Narrative identity and phenomenology

Jakub Čapek

pp. 359-375

Narrative identity theory in some of its influential variants (A. MacIntyre or P. Ricœur) makes three fundamental assumptions. First, it focuses on personal identity primarily in terms of selfhood. Second, it argues that personal identity is to be understood as the unity of one's life as it develops over time. And finally, it states that the unity of a life is articulated, by the very person itself, in the form of a story, be it explicit or implicit. The article focuses on different contemporary phenomenological appraisals of the narrative account (in the works of David Carr, Dan Zahavi and László Tengelyi). The survey of this partly critical debate is followed by concluding observations concerning a possible phenomenological theory of personal identity.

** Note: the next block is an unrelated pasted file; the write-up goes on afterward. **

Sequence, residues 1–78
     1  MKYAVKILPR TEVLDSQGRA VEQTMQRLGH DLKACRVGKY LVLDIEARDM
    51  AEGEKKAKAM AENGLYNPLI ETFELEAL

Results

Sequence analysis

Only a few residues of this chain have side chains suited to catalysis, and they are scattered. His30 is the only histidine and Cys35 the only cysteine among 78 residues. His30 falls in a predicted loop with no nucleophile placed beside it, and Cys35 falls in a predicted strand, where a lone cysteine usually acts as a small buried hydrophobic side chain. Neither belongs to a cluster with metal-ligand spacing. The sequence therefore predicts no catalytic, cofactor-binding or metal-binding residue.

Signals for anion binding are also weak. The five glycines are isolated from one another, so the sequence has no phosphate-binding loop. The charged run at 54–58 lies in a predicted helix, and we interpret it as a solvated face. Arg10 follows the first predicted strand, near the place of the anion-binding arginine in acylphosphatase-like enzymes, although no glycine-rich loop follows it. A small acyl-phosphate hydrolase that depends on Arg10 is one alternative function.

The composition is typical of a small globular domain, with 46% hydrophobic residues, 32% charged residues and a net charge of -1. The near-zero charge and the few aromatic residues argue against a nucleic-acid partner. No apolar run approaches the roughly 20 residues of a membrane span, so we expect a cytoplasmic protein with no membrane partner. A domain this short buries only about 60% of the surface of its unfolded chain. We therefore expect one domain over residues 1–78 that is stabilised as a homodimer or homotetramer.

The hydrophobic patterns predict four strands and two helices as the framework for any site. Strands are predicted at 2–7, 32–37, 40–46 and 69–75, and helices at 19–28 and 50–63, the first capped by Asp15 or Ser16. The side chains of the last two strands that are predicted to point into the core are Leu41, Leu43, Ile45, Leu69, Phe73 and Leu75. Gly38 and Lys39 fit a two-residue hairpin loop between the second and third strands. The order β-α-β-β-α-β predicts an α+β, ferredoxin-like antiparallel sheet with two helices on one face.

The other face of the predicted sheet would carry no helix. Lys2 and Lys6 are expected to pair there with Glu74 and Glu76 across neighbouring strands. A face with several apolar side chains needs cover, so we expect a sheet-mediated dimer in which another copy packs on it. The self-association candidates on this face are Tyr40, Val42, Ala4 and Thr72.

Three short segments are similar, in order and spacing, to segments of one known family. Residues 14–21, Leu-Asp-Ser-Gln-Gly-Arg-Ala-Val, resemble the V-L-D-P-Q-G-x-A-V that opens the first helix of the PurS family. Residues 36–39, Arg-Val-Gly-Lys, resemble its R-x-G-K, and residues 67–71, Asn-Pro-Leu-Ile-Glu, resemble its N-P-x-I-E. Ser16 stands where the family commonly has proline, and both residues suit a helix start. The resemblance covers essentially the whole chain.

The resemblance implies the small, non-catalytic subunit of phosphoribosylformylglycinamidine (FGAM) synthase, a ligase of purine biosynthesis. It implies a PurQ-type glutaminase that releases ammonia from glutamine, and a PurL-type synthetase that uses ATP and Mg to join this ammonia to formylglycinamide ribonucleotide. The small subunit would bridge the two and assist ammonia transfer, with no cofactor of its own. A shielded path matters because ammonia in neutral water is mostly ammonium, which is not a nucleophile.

Publication details

DOI: 10.1007/s11007-016-9381-5

Full citation:

Čapek, J. (2017). Narrative identity and phenomenology. Continental Philosophy Review 50 (3), pp. 359-375.

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